Reciprocal Associations between Parenting Challenges and Parents' Personality Development in Young and Middle Adulthood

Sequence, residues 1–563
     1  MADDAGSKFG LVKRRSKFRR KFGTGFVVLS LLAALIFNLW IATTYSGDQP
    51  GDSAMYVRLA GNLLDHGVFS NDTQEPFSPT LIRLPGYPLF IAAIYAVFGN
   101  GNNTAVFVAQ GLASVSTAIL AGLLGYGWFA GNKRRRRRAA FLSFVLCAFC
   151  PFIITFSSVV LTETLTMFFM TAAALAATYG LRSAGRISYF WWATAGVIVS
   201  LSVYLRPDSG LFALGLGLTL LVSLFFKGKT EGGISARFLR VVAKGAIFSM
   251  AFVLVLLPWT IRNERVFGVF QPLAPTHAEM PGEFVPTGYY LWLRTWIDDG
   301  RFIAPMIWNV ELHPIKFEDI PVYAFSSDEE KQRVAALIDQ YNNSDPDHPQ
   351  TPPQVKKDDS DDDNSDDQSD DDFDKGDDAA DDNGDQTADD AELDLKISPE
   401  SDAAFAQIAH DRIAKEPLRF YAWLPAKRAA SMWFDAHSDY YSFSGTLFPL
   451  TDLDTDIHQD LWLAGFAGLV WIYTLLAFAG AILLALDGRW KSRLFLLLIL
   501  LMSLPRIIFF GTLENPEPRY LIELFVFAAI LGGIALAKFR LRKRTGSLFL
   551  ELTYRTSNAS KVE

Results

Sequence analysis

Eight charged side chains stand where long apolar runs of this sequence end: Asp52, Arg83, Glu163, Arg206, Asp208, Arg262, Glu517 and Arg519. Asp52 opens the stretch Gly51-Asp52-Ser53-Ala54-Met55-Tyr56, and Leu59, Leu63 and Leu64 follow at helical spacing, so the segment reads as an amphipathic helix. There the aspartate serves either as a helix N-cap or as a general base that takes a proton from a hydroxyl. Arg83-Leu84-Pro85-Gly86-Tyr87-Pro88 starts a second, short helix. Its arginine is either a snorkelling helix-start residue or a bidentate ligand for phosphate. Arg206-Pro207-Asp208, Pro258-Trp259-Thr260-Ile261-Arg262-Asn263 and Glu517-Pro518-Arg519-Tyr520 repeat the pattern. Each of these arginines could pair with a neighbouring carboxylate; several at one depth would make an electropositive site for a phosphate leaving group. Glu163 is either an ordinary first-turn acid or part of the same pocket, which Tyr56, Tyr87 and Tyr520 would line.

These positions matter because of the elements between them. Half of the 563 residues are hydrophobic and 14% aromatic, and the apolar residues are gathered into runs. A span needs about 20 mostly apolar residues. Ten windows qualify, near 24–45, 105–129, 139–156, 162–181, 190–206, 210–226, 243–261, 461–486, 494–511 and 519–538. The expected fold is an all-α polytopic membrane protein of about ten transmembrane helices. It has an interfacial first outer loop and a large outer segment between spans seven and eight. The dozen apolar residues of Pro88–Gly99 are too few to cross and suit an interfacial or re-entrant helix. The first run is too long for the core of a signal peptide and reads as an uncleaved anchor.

Having children affects many aspects of people's lives. However, it remains unclear to what degree the challenges that come along with having children are associated with parents' personality development. We addressed this question in two studies by investigating the relationship between parenting challenges and personality development in mothers of newborns (Study 1, N = 556) and the reciprocal associations between (mastering) parenting challenges and personality development in parents of adolescents (Study 2, N = 548 mothers and 460 fathers). In Study 1, we found the stress of having a newborn baby to be associated with declines in maternal Agreeableness, Conscientiousness, and Emotional Stability. Parenting challenges were also related to personality development in parents of adolescent children in Study 2, with parent–child conflict being reciprocally associated with decreases in Conscientiousness and Emotional Stability. Mastering parenting challenges in the form of high parenting self-efficacy, on the other hand, was found to be associated with increases in Agreeableness, Conscientiousness, and Emotional Stability, and vice versa. In sum, our results suggest that mastering the challenges associated with the social role of parenthood is one of the mechanisms underlying personality development in young and middle adulthood. Copyright © 2013 John Wiley & Sons, Ltd.